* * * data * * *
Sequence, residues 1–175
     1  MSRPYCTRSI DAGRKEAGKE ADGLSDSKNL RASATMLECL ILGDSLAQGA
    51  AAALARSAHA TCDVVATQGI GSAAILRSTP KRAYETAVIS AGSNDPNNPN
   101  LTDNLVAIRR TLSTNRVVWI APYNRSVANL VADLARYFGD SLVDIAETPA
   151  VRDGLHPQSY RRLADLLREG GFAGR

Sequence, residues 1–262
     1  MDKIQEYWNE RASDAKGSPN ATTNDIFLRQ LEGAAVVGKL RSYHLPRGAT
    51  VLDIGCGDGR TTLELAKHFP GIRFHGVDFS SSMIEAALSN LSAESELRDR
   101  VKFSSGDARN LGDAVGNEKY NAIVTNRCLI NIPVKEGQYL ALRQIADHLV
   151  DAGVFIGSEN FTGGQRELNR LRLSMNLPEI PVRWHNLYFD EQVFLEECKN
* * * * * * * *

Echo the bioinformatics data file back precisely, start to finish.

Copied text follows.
Sequence, residues 1–175
     1  MSRPYCTRSI DAGRKEAGKE ADGLSDSKNL RASATMLECL ILGDSLAQGA
    51  AAALARSAHA TCDVVATQGI GSAAILRSTP KRAYETAVIS AGSNDPNNPN
   101  LTDNLVAIRR TLSTNRVVWI APYNRSVANL VADLARYFGD SLVDIAETPA
   151  VRDGLHPQSY RRLADLLREG GFAGR

Sequence, residues 1–262
     1  MDKIQEYWNE RASDAKGSPN ATTNDIFLRQ LEGAAVVGKL RSYHLPRGAT
    51  VLDIGCGDGR TTLELAKHFP GIRFHGVDFS SSMIEAALSN LSAESELRDR
   101  VKFSSGDARN LGDAVGNEKY NAIVTNRCLI NIPVKEGQYL ALRQIADHLV
   151  DAGVFIGSEN FTGGQRELNR LRLSMNLPEI PVRWHNLYFD EQVFLEECKN